Where's Obama on the "Ground Zero mosque"?

Politico's Ben Smith raised the question yesterday that's now on many minds in Washington: Why hasn't Barack Hussein Obama weigh in on the Ground Zero Burlington Coat Factory Mosque Community Center controversy?

True, he's been busy shooting hoops with NBA all-stars, raising money for embattled congressional Democrats, and most likely spending his days staring into the economic abyss. But, as Smith writes, "This is, clearly, classic Obama turf" -- it allows him to rise about the petty politics of the moment and make a moving statement on religious freedom.

Of course,  Republicans are probably salivating at the prospect. Sadly, polls show that a large majority of Americans think the facility shouldn't be built, and it's the perfect wedge issue for the midterm elections. So it would be rational, albeit cowardly, for Obama to remain silent on what is, technically speaking, a local issue (and by the way, there are no legal grounds to prevent the Cordoba Initiative folks from building).

Time's Adam Sorensen speculates that Obama might just be "biding his time for the right moment." He'd better speak out soon. Terrorism analyst Evan Kohlmann has been noting on his Twitter feed that al Qaeda sympathizers on the Internet are loving this debate, because,  according to one supporter, "More pressure on the Ummah simply means more explosions... Adding pressure undoubtedly benefits us... This is what we want." Another reads, "Actually, this benefits us... let them complicate the situation so that we see the arrival.. of a new Faisal Shahzad."

Developing... and not in a good way.

Shannon Stapleton-Pool/Getty Images


Madagascar pays a steep price for its political stagnation

Almost a year and a half since protests spurned a coup that removed democratically-elected President Marc Ravalomanana, Madagascar's political crisis continues to drag along. The government remains paralyzed and isolated, and formal development is reeling, with hundreds of millions of much-needed aid dollars frozen by donors.

Yesterday, the interim government, led by former DJ and mayor of Antananarivo, the country's capital and largest city, President Andry Rajoelina, who also has the backing of the country's military, reached an agreement with nearly 100 smaller political parties for new election dates. The accord is set to be adopted tomorrow, but it looks to have little impact: The three main opposition parties are boycotting discussions. These parties say they will only take part in elections that they help orchestrate, not just one organized by Rajoelina's government.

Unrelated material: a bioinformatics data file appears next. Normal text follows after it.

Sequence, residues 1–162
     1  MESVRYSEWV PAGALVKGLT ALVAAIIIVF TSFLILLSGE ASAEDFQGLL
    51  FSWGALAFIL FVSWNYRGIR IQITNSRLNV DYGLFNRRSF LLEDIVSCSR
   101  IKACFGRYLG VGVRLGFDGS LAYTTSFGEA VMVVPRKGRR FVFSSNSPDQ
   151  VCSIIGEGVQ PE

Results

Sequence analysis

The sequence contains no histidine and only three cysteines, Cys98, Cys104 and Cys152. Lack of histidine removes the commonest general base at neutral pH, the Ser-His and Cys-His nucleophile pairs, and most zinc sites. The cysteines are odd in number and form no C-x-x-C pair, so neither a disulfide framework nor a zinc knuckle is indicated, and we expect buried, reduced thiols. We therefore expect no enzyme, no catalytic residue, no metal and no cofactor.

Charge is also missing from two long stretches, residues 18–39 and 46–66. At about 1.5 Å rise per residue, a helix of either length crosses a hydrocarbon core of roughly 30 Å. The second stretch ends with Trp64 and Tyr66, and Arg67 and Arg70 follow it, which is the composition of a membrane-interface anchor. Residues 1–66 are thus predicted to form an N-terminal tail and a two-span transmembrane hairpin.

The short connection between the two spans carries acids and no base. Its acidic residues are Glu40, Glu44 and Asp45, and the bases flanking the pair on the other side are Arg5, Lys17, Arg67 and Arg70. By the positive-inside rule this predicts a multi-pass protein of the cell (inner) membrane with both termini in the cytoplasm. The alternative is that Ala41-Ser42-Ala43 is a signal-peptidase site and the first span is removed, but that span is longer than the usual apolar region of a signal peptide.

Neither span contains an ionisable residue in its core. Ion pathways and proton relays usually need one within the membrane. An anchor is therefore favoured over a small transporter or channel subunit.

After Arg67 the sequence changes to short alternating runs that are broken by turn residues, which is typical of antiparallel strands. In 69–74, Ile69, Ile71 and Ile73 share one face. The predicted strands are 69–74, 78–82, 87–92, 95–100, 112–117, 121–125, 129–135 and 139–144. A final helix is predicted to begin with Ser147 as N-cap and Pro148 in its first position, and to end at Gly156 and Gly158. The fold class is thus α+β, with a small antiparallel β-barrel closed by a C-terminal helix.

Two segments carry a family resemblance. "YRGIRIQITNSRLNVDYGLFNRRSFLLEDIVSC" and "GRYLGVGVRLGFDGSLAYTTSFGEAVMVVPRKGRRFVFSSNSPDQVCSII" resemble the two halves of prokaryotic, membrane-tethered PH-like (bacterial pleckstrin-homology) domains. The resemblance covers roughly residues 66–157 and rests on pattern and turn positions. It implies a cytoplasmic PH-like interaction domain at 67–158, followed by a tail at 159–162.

The accord sets presidential elections for the middle of next year, with a vote on a constitutional referendum on November 17. Originally, the referendum was supposed to be held this month and presidential elections in November, but opposition parties balked at these too. Earlier power-sharing negotiations, conducted in South Africa, also failed to bring all parties to an agreement.

This news does not bode well for the Malagasy people, of whom about 70 percent live below the poverty line. The EU, World Bank, and USAID have blocked development aid.  Also in peril is the island nation's delicate and extraordinarily unique environment, famous for endemic species like lemurs and baobab trees. Instability caused by the coup has created an illegal logging crisis in Madagascar's national parks. Loggers plunder rosewood trees, while lemurs have been hunted for bushmeat. This month, UNESCO's World Heritage committee added Madagascar's tropical forests to its Danger List of threatened ecosystems.

"What has been happening in Madagascar since the coup is little more than a smash-and-grab raid," Conservation International head Dr. Russell Mittermeier told Mongabay. "Unscrupulous companies have been taking advantage of the upheaval and the willingness of the current regime to allow highly damaging practices which bring no benefit to the nation and simply enrich a few greedy people."

In a surprisingly positive twist, a World Bank report (with the cautiously optimistic title: "Why has the Malagasy economy not yet collapsed?") published last month said Madagascar had largely avoided financial disaster thanks to a strong informal economy, which has grown an estimated 13 percent since 2009, and good weather. Rice yields have hit record levels after two years without cyclones.